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I want to start learning to program for OSX but have only programmed for iOS.

What are the significant differences on a programming level other than hardware related issues such as memory, processing power etc.

In terms of the actual api and programming, like items to be used by the mouse and keyboard rather than the touch screen.

I would like some advice from people who have experience with this and possibly good book links or tutorial links to get started.


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closed as off-topic by Infinite Recursion, Smi, Aperçu, Cheesebaron, Floris Aug 30 '14 at 13:38

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up vote 18 down vote accepted

Let me put it this way: Don't just try to port all your stuff over to the Mac without thinking about design principles. A lot of developers are seeking to get on the Mac developer bandwagon without putting time into their apps. Simply moving apps from iOS to Mac doesn't bring forth good interfaces.

Face it, iOS is built for touchscreen, while Mac is not. Thus, simply transferring your interface over might work, but it is bad and frowned upon by many users. What I would do is just download some well-known Mac applications (demos work fine), and just study how the interface is laid out compared to iOS. There are similar concepts, but there are more differences than similarities.

The most fundamental difference is that the interface on the iPhone can only have one window, while the Mac can have unlimited windows (theoretically). Stuffing all your views into one window just doesn't cut it on the Mac. Users have come to expect multiple windows, and honestly it's a much better way to do it.

So my suggestion is to learn Cocoa from the ground up, and then think about transferring your apps over...not by simply porting it, but instead by making a completely new interface. Your model can still be used, because both platforms use Objective-C.

Platforms so similar, yet so different. :)

enter image description here

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Thanks sudo rm -rf. I am planning to learn OSX from the ground up without trying to port anything at first. And yeah, its a lot better designing apps with so much screen resource space. I will get a cocoa book and work through it. Thanks – Helium3 May 6 '11 at 18:53
No problem. I'm a relatively new programmer, and I started out with iOS. Transferring over to Mac was hard initially, but once I wrapped my mind around NSViewControllers and how windows are created and destroyed, it wasn't that hard. I've learned to love Cocoa Bindings. They're magic. :) – sudo rm -rf May 6 '11 at 18:59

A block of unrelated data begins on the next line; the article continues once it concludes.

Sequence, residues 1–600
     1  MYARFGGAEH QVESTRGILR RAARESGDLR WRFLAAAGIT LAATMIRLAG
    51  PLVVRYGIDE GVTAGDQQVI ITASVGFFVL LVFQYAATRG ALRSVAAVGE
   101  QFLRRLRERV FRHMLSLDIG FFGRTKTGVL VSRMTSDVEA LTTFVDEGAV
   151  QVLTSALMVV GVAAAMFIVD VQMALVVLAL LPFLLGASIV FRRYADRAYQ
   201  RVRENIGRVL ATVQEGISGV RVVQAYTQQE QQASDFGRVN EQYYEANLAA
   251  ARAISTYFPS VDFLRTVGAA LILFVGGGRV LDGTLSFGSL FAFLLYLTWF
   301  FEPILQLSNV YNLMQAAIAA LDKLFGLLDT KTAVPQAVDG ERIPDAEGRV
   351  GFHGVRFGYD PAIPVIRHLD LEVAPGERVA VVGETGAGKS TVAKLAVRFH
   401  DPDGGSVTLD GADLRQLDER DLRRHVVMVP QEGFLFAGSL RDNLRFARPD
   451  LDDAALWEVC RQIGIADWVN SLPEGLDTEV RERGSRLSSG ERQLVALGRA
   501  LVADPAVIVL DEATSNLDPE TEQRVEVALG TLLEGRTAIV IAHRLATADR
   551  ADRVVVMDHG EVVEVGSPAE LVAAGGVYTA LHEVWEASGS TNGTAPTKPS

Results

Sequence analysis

Awesome. well, my "Desktop" experience is with Java, and using Swing is a nightmare. – Helium3 May 6 '11 at 19:05
and yeah, those images you posted really confirms how the window size effects user experience and design capabilities. – Helium3 May 6 '11 at 19:11
It sure does. Toolbars really change the way that the user interacts with your application, as well as menu items. – sudo rm -rf May 6 '11 at 19:12

In writing a modern OS X app you will typically use Data Binding to connect your model(s) to your view(s), ofter via generic controllers like NSArrayController.

Wrapping one's head around Cocoa Data Binding is a challenging task for newcomers, at first very frustrating and then very exciting. If your master Data Binding it may fundamentally change the way you design your software.

The problem is that none of your iOS apps were designed with Data Binding in mind, and that's a bridge you will have to cross in order to be a happy and effective OS X developer (along with learning the various sundry SDK differences)

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I went the other way 2 years ago and had an unexpectedly hard time moving over.

OS X is a much older, and was created before Objective-C 2.0 so there aren't very many properties in the legacy AppKit / CoreFoundation classes. Most of my old iOS code looks like:

[[self navigationController] popViewControllerAnimated: YES];

The UI: most of the resoponder/view/control hierarchy is similar, but now called NS (from the latin for NextStep) rather that UI (latin for little screen).


a bit different, you connect an action to a control and the control decides when to send the action message, ie. if a scroll bar is set to continuously send the message or not. which is slightly different to the way UIkit does it, where you connect to an event type: value changed, touch up inside, etc.

You get more than one Window in OS X which gives you new opportunities and challenges. You have to worry a lot more about responder hierarchy.

The little things will always get you, like in UIBezierCurve the methods are named ever so slightly differently than NSBezierCurve, addLineToPoint: rather than lineToPoint:

Pay attention to your compiler warnings and grab a new book and you will be fine.

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The 2 platforms have gotten a lot more similar over the years, with many OS X APIs being migrated to iOS. The main difference I think is the UI pieces. On OS X you use AppKit to present your UI instead of UIKit. (Although you can use Interface Builder for both).

Some APIs have made the reverse trip: CoreLocation used to be an iOS-only framework and it's now available on OS X.

Other changes:

  • The event models are different (NSEvent vs UIEvent).
  • CoreImage is available os OS X

Depending on your experience level, I'd start with some of the Apple-provided AppKit examples in Xcode. HTH

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